Williams Lane Rogers was born Dec. 29, 1944, in Salt Lake City. The 30-year Arizona resident chose to go by “Lane” because there was already a somewhat-famous “Will” Rogers in the world.
Rogers, who died July 30 at the age of 64, would leave his own lasting impression on those who knew him, starting with a 23-year-old girl responding to a job ad in 1977.
“We looked at each other and it was, literally, I kid you not, like time stopped for a second like in the movies,” recalls Patricia Rogers, his wife of more than 30 years. “With him it was, literally, love at first sight.” She would repeat the same sentiment four times.
The couple married the following year, on Sept. 27, 1978. “We were the loves of each others’ lives,” says Patricia.
She also remembers the other love of his life – primary-source historical research.
Rogers was a tireless researcher who would often work for hours upon end. “I don’t know how he could sit in a chair at his desk and work from four o’clock in the morning until eight o’clock at night,” says Patricia. “You’d have to remind him to eat.”
It was dedication and attention to detail – he wrote more than 900 articles for Arizona newspapers – that made Rogers a prolific and respected researcher, writer and speaker. “He was adamant about getting it right,” says Patricia. “He would often catch an error that got carried from one publication to the next. There were times when he would shoot off a letter.”
Bob Nilson, whose job in the tourism department with the city of Benson kept him right across the street from Lane and Patricia’s house for many years, recalls spending Sunday afternoons talking Benson and Arizona history with the respected historian.
“He would never write anything without footnoting a reliable source,” says Nilson. “You can be sure anything he wrote was factually correct.”
Nilson says Rogers was working on a book about Benson, and had “twelve three-inch thick binders” with information on the town from the 1880s to the 1950s.
“He had to have every detail correct before he could write the book,” says Nilson. “He had a big yellow legal pad he used to write on, and would cross out and rewrite sections every time he came across updated information. I guess that’s why he never finished his Benson book.”
Rogers, who has published three books, also has two more on the horizon: “The California Snatch Racket” which is about kidnapping, and “Serious Mischief: Crimes in California History,” which were co- authored with historian James R. Smith.
While his research and writing consumed a large part of his life, he also found time to care for his beloved dogs, which the couple had ice cream with every night at 8:30 p.m., although the dogs only got a tiny bit, assures Patricia.
Rogers also continually worked on the couple’s historic redwood house, which was built in 1880 by the Southern Pacific Railroad for the company’s “roadmaster,” who acted as the general manager of railroad operations and rights-of-way in a specific area.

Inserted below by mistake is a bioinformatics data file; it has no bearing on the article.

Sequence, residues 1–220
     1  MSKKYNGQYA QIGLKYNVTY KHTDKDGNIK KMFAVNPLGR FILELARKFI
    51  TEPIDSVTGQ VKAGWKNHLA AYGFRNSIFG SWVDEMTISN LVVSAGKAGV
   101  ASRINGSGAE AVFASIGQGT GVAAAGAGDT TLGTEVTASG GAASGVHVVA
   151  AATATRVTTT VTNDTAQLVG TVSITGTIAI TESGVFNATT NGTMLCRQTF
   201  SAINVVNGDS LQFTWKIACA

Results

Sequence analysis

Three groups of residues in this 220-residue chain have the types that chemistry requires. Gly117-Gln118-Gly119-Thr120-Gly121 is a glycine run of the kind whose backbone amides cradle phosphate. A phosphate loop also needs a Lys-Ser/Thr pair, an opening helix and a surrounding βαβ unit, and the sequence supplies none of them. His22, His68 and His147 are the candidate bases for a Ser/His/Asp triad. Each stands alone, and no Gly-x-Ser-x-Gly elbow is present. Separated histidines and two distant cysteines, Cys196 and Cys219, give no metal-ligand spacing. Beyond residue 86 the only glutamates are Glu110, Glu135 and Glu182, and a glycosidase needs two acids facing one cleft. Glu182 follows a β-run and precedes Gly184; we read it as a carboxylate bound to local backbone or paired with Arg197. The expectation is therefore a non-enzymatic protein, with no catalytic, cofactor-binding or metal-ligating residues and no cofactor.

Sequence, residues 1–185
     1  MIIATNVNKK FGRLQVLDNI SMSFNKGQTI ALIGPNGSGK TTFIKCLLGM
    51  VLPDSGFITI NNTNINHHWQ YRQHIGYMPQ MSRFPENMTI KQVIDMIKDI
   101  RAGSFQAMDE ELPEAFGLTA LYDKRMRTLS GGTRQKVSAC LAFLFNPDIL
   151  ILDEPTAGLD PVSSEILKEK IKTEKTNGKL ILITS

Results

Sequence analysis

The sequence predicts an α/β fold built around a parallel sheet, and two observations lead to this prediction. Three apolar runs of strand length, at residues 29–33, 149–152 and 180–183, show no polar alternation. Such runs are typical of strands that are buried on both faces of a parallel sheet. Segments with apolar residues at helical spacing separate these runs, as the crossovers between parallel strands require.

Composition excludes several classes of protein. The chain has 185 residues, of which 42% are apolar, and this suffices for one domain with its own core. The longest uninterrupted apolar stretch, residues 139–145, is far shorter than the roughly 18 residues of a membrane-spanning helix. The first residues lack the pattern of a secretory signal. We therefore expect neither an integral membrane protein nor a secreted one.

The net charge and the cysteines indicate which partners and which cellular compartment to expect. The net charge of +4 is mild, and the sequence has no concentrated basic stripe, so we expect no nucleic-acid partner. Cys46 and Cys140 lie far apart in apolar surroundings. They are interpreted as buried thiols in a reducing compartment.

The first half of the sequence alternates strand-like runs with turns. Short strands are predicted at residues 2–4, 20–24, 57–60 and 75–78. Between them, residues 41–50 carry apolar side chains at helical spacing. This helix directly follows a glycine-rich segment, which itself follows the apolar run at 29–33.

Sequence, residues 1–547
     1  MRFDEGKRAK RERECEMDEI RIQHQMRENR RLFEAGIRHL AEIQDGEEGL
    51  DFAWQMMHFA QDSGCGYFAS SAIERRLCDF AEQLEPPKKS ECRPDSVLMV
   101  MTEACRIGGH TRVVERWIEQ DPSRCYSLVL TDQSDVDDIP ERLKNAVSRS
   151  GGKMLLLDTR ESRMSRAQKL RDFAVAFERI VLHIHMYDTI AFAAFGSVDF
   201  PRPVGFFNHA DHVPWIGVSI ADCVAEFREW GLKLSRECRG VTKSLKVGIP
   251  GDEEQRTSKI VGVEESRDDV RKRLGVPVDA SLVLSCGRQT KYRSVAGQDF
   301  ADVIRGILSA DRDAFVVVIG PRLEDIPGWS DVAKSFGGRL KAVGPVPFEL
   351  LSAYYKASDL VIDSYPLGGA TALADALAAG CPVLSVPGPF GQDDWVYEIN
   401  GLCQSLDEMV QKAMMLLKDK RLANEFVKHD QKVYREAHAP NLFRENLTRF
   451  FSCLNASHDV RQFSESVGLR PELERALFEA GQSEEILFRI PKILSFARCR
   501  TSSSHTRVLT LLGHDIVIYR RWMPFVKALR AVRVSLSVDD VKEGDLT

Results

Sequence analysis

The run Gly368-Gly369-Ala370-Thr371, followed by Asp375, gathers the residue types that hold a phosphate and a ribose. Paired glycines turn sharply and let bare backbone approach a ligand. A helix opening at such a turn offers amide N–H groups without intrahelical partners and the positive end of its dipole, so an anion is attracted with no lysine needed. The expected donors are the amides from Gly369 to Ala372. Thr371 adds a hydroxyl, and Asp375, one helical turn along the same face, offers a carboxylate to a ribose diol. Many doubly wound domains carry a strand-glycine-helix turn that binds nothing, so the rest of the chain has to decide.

From the late 1970s through the mid ’80s, he pursued another interest – politics. He began hosting an interview-based news radio program called PROBE in Salt Lake City, which aired Sunday mornings. A crafty interviewer, Patricia recalls he used to use his ever-present yellow legal pad to disarm his interviewees – which included four U.S. presidents.
“He would write things down on the pad, and politicians particularly, would try to read what he was writing,” says Patricia. This form of distraction helped Rogers dig deeper with guests who were typically very guarded.
Through a Tucson historian, Rogers came into the attention of Diana Creighton, who edited the popular ‘Times Past’ feature in the Arizona Capitol Times. He began submitting his stories of turn-of-the-century Arizona in the early 1990s, and was a fairly regular contributor to the section since that time, says Creighton.
Rogers’ expertise covered early 20th century crime in the Southwest, the Apache Wars, polygamy, labor unrest in Western mining camps, World War I, the Great Depression, slavery, the modern civil rights movement, Cochise County and the San Pedro Valley.
Patricia says her husband’s storytelling days may not be over. She has six cabinets full of his research, which she plans on sorting through and possibly publishing.
His legacy, she says, is “the history he wrote, and the research he did.” It will help future researchers, but it will also help her stay connected with the memory of the love of her life.
“I miss him terribly, but I have him all around me,” she says. “His library, his research his collection of music, the animals we loved, the house he worked on. While I miss him terribly, he’s still here in many ways.”
– W. Lane Rogers passed away early in the morning on July 30. He was buried in Benson High Street Cemetery in Benson, Ariz., on Aug. 5. A memorial account has been established at Bank of America, 149 W. Fourth St., Benson, Ariz., 85602 to help with funeral expenses.